Look at Perseus’ feet for the famed Pleiades cluster; they lie about 400 light years distant, and over 250 stars are members of this fine group. East of the seven sisters is the V of stars marking the face of Taurus the Bull, with bright orange Aldebaran as his eye. The V of stars is the Hyades cluster, older than the blue Pleiades, but about half their distance. Their appearance in November in classical times was associated with the stormy season, when frail sailing ships stayed in port. Aldeberan is not a member of the Hyades, but about twice as close as the Hyades; distances in astronomy can be deceiving. Mars sits between the horns of the bull as December begins. Compare its color with that of Aldeberan.

Yellow Capella, a giant star the same temperature and color as our much smaller Sun, dominates the overhead sky. It is part of the pentagon on stars making up Auriga, the Charioteer. Several nice binocular Messier open clusters are found in the winter milky way here. East of Auriga, the twins, Castor and Pollux highlight the Gemini. UWF alumni can associate the pair with Jason and the Golden Fleece legend, for they were the first two Argonauts to sign up on his crew of adventurers.

South of Gemini, Orion is the most familiar winter constellation, dominating the eastern sky at dusk. The reddish supergiant Betelguese marks his eastern shoulder, while blue-white supergiant Rigel stands opposite on his west knee. Just south of the belt, hanging like a sword downward, is M-42, the Great Nebula of Orion, an outstanding binocular and telescopic stellar nursery. It is part of a huge spiral arm gas cloud, with active starbirth all over the place.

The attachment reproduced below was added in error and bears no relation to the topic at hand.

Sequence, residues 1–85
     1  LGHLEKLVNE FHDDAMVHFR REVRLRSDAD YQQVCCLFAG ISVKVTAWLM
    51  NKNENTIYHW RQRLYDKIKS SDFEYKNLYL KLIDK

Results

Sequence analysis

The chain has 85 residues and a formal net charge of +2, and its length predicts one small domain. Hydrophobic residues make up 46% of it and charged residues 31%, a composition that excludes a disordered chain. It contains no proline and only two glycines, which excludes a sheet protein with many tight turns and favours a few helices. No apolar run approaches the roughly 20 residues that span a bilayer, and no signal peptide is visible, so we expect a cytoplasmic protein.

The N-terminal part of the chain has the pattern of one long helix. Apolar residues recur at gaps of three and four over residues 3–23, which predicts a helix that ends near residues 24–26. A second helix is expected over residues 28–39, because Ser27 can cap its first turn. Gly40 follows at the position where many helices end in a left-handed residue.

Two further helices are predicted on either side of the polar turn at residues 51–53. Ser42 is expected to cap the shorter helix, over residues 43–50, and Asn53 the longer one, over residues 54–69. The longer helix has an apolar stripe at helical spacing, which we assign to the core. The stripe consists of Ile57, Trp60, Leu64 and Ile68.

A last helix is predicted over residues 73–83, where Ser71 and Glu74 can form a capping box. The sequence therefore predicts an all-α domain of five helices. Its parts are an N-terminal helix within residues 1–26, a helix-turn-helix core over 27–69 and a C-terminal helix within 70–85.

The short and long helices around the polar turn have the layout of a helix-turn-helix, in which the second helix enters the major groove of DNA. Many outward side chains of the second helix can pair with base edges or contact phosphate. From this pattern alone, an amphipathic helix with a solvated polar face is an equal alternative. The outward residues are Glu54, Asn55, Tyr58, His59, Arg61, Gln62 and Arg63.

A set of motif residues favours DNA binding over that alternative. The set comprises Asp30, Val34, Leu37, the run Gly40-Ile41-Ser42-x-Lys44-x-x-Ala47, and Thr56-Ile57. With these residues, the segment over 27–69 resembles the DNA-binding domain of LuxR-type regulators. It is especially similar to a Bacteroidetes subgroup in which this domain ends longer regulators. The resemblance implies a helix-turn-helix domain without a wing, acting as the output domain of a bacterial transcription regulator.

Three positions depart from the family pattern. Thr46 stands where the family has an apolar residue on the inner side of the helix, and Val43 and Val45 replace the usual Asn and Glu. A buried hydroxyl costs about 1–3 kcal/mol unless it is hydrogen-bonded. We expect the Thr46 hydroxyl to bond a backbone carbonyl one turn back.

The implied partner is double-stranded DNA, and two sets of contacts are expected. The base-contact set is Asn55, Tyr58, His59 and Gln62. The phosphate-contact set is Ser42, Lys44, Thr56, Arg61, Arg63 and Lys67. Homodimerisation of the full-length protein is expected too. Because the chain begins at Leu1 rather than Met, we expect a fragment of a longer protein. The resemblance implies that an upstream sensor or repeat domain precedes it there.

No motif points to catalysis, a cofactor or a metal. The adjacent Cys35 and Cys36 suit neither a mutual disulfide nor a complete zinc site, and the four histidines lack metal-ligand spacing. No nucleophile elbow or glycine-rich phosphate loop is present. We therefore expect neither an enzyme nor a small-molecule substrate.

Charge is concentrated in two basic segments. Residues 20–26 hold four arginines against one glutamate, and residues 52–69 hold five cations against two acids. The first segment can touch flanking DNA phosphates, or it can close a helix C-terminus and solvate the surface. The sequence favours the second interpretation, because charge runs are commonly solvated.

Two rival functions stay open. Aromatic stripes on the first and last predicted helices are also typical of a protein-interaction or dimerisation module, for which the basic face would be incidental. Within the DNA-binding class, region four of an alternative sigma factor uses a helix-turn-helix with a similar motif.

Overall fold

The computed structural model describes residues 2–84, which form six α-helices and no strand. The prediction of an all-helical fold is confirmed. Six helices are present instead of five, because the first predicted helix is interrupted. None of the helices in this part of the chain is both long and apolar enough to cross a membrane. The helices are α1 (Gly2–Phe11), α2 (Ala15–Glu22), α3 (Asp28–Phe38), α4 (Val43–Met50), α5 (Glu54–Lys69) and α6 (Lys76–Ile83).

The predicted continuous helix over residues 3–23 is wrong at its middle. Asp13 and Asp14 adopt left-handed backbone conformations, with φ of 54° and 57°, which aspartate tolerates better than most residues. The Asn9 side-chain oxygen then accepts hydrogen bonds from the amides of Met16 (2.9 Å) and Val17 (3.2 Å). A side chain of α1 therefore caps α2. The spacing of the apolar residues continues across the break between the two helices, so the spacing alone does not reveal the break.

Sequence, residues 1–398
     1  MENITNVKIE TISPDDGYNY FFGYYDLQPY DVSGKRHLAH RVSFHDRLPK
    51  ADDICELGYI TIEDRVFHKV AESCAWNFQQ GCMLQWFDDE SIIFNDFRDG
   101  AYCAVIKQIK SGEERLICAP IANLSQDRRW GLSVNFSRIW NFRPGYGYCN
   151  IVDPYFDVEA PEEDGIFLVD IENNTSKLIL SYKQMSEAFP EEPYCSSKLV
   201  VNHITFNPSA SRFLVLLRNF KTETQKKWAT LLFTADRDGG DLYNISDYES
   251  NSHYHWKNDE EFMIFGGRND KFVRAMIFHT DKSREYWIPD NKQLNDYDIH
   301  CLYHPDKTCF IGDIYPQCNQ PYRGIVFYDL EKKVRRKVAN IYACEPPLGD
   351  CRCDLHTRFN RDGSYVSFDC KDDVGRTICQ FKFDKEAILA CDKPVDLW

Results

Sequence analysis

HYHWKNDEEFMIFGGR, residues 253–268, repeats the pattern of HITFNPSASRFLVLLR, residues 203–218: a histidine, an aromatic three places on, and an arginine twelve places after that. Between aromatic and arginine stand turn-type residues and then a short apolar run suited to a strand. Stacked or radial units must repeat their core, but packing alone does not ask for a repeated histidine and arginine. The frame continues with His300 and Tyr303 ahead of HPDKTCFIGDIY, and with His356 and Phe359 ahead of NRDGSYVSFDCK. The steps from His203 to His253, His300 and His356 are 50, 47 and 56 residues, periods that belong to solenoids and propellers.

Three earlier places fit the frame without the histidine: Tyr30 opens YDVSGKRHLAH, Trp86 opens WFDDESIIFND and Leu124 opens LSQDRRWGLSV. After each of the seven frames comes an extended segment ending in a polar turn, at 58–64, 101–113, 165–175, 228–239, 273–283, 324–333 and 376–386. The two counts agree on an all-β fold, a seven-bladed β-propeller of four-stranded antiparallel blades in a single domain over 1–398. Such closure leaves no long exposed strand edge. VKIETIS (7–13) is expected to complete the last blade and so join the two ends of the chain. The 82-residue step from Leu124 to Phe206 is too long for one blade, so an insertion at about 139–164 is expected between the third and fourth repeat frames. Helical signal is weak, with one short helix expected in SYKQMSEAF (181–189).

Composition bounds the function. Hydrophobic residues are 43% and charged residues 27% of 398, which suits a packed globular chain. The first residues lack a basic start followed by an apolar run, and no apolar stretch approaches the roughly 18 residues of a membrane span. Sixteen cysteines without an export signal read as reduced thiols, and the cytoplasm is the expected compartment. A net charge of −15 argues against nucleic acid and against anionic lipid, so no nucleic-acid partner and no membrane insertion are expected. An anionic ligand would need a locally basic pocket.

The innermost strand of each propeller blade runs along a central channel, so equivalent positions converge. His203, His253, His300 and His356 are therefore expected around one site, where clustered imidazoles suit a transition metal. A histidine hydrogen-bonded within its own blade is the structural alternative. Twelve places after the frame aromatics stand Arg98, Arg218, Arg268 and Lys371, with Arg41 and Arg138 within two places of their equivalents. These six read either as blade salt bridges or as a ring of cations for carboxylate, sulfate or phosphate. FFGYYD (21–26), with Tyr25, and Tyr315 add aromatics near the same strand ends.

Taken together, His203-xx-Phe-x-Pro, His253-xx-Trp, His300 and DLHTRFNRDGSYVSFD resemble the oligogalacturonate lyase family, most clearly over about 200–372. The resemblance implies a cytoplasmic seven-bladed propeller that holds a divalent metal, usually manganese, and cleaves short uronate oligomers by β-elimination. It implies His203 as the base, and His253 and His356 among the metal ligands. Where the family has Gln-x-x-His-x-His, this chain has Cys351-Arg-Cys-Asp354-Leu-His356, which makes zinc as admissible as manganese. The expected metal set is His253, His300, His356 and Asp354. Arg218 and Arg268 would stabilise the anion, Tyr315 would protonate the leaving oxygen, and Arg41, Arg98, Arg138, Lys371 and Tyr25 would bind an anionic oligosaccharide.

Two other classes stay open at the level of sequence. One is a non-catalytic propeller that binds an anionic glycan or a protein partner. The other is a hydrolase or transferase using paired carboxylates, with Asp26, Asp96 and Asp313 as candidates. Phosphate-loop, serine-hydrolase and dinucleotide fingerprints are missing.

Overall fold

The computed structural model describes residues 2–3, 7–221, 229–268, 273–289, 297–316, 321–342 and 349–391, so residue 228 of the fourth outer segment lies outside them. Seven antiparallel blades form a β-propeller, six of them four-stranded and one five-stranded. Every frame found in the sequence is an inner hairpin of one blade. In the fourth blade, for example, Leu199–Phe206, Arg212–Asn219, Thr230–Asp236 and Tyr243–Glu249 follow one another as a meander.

Last but certainly not least, in the east rise the hunter’s two faithful companions, Canis major and minor. Procyon is the bright star in the little dog, and rises minutes before Sirius, the brightest star in the sky. Sirius dominates the southeast sky by 7 p.m., and as it rises, the turbulent winter air causes it to sparkle with shafts of spectral fire. Beautiful as the twinkling appears to the naked eye, for astronomers this means the image is blurry; only in space can we truly see “clearly now”. At eight light years distance, Sirius is the closest star we can easily see with the naked eye from West Florida. You must be in south Florida to spot Alpha Centauri on June evenings. Below Sirius in binoculars is another fine open cluster, M-41, a fitting dessert for New Year’s sky feast.

We have set new dates for our public gazes at Big Lagoon State Park west of Pensacola for these Saturdays: November 19, December 17, January 14 and 21, February 11 and 25, and March 11 and 25. Be sure to check in at the gate before sunset.

For more information on the Escambia Amateur Astronomers, visit eaaa.net or join us on Facebook.

Dr. John Wayne Wooten has been teaching science since 1970, with a special concentration on astronomy. He received his Doctor of Education in Astronomy from University of Florida in 1979. He was an educator at Pensacola State College since 1974 and University of West Florida since 1984 before retiring in 2017. He still continues to teach distance learning astronomy for Tennessee colleges.